If you remember July and August, everything was coming up roses. Except maybe those large purple flowering weeds along the highways and byways of North America. This is the native purple thistle. It bears absolutely no kinship to a tiny black seed called “guizotia abyssinica” or nyjer seed. However, it still is packaged in many retail stores with the incorrect name of thistle.
In fact, up until about a decade ago, it was spelled niger, not nyjer. However, a civil rights group launched a court case against a large retailer, claiming the little black seed was being mispronounced as a derogatory name for African Americans. Rather than fight the court battle, the seed industry changed the spelling of the name to its present-day “nyjer.” The fact that the imported seed was grown along the famous Niger River, (hence the name) in Africa did not assuage the political forces at the time.
This poor, little maligned weed seed is actually an imported seed from such far away places as India, Ethiopia, and Myanmar. American farmers do not want anything to do with the natural thistle seed for growing purposes. Our native thistle plant is extremely invasive and will easily take over any plot of land in a very short period of time. Although many birds do eat the seeds from the native thistle plants, these are digested. Since they don’t pass through in bird droppings, it is not the birds that are spreading weed seeds.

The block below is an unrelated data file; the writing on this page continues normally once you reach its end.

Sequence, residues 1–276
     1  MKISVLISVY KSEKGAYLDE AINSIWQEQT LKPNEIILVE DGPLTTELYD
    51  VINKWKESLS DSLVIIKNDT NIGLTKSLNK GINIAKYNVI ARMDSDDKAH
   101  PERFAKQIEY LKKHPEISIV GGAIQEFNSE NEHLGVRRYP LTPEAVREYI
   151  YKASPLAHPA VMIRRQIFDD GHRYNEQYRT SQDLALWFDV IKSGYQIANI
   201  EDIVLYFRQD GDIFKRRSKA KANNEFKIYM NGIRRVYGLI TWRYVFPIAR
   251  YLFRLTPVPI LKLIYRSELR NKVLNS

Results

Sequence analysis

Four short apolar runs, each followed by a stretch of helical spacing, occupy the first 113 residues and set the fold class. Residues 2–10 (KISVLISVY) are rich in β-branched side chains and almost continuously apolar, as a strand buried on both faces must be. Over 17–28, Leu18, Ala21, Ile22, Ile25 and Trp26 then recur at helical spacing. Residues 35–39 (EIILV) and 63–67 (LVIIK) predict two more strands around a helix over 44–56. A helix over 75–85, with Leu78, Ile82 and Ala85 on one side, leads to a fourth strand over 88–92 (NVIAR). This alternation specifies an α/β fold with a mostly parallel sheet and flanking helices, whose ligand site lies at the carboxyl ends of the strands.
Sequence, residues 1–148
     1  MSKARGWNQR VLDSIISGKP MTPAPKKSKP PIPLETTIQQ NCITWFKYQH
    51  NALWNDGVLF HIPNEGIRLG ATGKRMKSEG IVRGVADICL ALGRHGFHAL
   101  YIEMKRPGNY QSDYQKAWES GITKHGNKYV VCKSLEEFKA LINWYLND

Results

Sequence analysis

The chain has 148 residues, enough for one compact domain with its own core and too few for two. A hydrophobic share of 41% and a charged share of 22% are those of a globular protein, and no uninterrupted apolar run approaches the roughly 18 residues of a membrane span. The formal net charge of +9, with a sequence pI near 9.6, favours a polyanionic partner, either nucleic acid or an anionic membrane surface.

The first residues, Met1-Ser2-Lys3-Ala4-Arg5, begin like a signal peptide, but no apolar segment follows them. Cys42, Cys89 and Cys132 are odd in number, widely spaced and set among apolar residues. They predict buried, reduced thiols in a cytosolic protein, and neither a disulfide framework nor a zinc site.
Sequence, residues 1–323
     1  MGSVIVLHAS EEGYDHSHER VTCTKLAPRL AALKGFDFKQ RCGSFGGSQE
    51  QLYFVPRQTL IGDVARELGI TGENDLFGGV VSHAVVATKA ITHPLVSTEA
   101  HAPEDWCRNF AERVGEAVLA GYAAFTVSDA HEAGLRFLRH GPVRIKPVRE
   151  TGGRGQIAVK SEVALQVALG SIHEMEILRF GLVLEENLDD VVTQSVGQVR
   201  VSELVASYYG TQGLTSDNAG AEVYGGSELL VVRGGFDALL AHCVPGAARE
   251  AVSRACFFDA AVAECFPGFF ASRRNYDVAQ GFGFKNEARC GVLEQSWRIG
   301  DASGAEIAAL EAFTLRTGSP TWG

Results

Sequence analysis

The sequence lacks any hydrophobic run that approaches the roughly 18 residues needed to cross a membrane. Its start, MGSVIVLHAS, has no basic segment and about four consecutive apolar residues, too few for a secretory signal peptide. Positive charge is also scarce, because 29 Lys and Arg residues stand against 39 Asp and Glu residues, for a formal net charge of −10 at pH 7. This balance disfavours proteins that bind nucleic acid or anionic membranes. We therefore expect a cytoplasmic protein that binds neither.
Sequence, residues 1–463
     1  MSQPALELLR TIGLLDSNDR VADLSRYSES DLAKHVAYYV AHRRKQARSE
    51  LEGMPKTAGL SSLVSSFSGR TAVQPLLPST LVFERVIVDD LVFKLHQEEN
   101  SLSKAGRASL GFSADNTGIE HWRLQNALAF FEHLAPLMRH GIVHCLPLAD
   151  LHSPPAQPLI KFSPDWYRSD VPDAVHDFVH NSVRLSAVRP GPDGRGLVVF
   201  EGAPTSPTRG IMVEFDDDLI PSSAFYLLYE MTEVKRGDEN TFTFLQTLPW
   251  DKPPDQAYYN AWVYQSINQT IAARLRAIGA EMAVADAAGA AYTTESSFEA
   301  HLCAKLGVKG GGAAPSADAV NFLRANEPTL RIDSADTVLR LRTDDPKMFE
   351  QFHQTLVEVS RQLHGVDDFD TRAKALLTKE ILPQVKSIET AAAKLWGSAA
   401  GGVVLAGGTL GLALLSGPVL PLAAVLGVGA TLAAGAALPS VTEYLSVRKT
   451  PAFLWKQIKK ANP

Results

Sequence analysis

You do not have to worry about the imported nyjer seeds sprouting in your yard, however. Like all grain imports, nyjer seed is sterilized at the port of entry in the United States before it is packaged and shipped to stores.
Many customers believe that the birds are wasting most of the nyjer seed in their feeders due to the amount of black seeds on the ground below. Imagine their surprise when we tell them that the seeds on the ground are simply the nyjer shells. Yes, that tiny seed has a black, opaque shell that the birds have to crack and discard to get at the single wisp of meat inside. Now, that’s working overtime to get such a small reward. The reason that goldfinches, house finches and other birds are attracted to the nyjer seed is the large fat content that it contains.
Imported nyjer seeds are used to make dry chutney which is used as an accompaniment with breads. They are also used as a spice in some curries within the Indian Ocean regions.
Enjoy your birds!
Wild Bird Depot is located on Rt 11 in Gilford, NH. Steve is a contributing author in major publications, a guest lecturer at major conventions in Atlanta and St. Louis as well as the host of WEZS 1350AM radio show “Bird Calls” with Lakes Region Newsday @ 8:30AM. Wild Bird Depot has donated over $5,000 to local rehabilitators and local nature centers since 1996.